In high school, I dicked around. Skateboarding was most important to me. Upon graduation, I knew I wanted to tell stories. That was pretty much it. So, spread out on my kitchen table, with my mom leaning over my shoulder, I perused seven university acceptance packages for English and a couple for creative writing. I went with the package that offered me the best scholarship.

Dumb move.

I left that fall, my car bursting with miscellaneous objects like skateboards and bed sheets, for the University of Windsor. I studied creative writing, which was cool, but you don’t just become an author, I quickly learned, being naïve and all. In the middle of second year, the house that I was living in with close friends burned down. (It’s a story that involves a friend cooking with grease and using water as a fire extinguisher. Also a dumb move.) That was the last straw for me living in the armpit of Ontario. I was out.

After transferring to Wilfrid Laurier University (in part for chasing a girl—a girl that just became my wife), I completed my English degree. More than the education, though, I worked as an editor for the school’s magazine, Blueprint. I also contributed to the award-winning school newspaper, The Cord Weekly. I was hooked. Like a depraved drug addiction, I wanted more. To see your name in print with a story below is intoxicating. The throes of publication addiction had taken hold.

That’s why I tell stories. It’s my drug of choice.

I decided if writing was the route I was going to take, I would do an authentic test run. Following graduation, I boarded a commercial plane for the first time and headed to Ghana. For three months I was a journalist trainer and foreign correspondent for Journalists for Human Rights in a Liberian refugee camp. I simply listened to their stories. Living with these proud, resilient refugees in this haphazard, 30,000-strong refugee camp cemented my desire to relay stories that had a purpose.

I enrolled in journalism school that fall.

Once again—although, sure, my education was enlightening—I started to work as a writer and editor. This time, however, with Sheridan’s campus magazine, TRAVIS. After eventually becoming the editor-in-chief of TRAVIS and working with a team that oozed talent, we won a couple awards. I got published in some national publications and got serious about writing and photography.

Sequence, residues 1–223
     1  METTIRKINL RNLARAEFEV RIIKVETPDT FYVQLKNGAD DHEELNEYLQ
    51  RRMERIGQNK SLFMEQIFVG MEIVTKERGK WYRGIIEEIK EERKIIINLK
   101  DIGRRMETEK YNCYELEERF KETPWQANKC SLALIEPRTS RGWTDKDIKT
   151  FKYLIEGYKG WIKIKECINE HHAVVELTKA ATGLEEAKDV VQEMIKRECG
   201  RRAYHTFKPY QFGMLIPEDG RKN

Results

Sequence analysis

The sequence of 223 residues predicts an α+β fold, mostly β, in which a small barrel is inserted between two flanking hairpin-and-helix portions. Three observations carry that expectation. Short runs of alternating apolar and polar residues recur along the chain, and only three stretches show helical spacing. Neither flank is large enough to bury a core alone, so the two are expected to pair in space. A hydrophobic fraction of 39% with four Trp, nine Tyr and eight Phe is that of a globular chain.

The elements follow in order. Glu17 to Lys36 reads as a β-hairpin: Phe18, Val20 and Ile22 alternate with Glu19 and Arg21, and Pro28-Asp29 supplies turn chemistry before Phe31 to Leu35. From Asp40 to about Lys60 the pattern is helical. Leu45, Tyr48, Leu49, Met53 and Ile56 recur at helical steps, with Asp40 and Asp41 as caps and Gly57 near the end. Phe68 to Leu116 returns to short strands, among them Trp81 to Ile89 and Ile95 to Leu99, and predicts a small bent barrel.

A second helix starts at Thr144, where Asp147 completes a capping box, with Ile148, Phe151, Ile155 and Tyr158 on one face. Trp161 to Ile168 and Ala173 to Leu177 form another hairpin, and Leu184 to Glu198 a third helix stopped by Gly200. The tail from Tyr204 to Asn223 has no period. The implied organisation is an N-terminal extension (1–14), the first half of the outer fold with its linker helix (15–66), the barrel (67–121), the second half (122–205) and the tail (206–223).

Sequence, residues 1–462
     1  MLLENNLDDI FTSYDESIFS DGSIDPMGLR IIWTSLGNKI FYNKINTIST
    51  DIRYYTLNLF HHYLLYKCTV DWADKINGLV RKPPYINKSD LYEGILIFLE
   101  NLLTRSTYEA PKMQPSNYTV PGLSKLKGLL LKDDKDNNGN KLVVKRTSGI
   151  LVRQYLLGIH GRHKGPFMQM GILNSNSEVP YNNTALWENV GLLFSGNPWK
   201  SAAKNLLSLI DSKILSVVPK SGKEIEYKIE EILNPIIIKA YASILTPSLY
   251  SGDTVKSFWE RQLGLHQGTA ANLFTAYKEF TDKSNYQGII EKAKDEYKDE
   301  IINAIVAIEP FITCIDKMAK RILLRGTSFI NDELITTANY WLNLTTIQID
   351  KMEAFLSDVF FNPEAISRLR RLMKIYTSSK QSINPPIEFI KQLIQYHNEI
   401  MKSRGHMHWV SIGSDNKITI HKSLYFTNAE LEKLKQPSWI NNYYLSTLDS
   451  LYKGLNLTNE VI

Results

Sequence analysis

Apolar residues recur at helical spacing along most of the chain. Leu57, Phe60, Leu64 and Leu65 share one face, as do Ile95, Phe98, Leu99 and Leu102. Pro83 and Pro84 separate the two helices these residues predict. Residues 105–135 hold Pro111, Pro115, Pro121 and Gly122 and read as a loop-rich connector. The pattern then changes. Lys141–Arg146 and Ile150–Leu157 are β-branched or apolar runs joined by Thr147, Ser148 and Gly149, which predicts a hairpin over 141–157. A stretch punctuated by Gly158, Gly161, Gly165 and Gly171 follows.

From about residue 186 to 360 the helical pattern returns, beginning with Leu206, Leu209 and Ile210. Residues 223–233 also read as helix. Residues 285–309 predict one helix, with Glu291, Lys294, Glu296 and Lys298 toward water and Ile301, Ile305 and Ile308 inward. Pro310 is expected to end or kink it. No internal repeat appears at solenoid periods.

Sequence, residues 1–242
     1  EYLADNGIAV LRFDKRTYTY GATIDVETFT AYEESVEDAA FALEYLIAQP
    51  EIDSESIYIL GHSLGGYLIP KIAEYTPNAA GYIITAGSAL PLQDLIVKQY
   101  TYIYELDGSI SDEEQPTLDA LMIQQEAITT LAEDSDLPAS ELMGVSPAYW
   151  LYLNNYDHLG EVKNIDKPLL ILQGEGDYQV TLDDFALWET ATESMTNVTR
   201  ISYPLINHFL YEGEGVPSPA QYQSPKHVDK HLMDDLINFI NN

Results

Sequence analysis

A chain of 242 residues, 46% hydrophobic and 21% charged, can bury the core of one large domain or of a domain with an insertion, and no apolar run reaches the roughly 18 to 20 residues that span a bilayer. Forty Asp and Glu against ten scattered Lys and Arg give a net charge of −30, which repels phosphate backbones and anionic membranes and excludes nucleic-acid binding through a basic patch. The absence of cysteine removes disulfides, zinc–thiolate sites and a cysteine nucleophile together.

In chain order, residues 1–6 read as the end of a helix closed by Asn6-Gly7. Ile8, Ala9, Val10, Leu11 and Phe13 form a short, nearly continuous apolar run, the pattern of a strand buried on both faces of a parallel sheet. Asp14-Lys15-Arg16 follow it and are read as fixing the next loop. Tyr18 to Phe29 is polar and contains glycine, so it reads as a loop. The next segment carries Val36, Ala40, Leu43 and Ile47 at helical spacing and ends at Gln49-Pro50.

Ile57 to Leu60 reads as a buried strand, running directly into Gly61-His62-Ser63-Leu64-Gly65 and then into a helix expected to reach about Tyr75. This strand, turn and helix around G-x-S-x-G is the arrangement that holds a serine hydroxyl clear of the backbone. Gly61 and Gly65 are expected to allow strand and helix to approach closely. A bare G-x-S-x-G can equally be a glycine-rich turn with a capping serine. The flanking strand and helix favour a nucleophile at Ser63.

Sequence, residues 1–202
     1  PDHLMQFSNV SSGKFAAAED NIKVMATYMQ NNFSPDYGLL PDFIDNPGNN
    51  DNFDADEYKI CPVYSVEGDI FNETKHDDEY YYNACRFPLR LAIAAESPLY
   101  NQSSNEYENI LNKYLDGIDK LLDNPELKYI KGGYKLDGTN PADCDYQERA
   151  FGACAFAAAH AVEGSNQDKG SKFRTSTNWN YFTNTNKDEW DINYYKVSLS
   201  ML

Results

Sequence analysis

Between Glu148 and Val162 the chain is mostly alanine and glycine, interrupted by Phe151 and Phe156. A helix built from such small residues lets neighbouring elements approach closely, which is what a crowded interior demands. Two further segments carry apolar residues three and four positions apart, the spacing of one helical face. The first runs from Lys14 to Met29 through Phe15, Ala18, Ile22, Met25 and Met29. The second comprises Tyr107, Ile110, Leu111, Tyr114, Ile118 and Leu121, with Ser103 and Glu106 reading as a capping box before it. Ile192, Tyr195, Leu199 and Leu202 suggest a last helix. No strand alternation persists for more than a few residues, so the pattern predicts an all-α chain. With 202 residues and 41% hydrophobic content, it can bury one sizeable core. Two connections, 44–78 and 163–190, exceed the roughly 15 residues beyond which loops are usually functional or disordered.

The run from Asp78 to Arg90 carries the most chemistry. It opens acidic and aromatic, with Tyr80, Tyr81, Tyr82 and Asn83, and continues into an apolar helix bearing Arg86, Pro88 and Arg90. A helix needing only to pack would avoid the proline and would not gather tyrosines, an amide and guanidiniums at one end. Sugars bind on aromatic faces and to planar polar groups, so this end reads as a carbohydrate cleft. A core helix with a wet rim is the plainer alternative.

My photography was originally a conduit for my writing. If I was out writing a story, I always had a camera with me. (My mom taught me how to use a classic Canon AE-1 when I was a wee one). And like writing, I became hooked. I enjoyed capturing the full story—with both words and images. Now I can’t write without shooting a shot to go with the piece. And vice versa.

To date, I’ve been able to travel to five continents to tell stories. I’ve been published in dozens of publications for both my writing and photography. But more than this, if I can impact just one person with a story or photo, I’ve done my job.

That’s why I tell stories. It’s my drug of choice.


Email Ryan by clicking right here.


  1. nice job guy with your uniqueness, discovering life and the road less traveled!
    great pics too!
    i am creating my website and looking for ways for ideas!

  2. I just have to say that your story makes me inspired to be what I want to be, a lawyer. Not exactly the same thing as you, but when I want to give up, I am going to remember this post. And you. Thanks.


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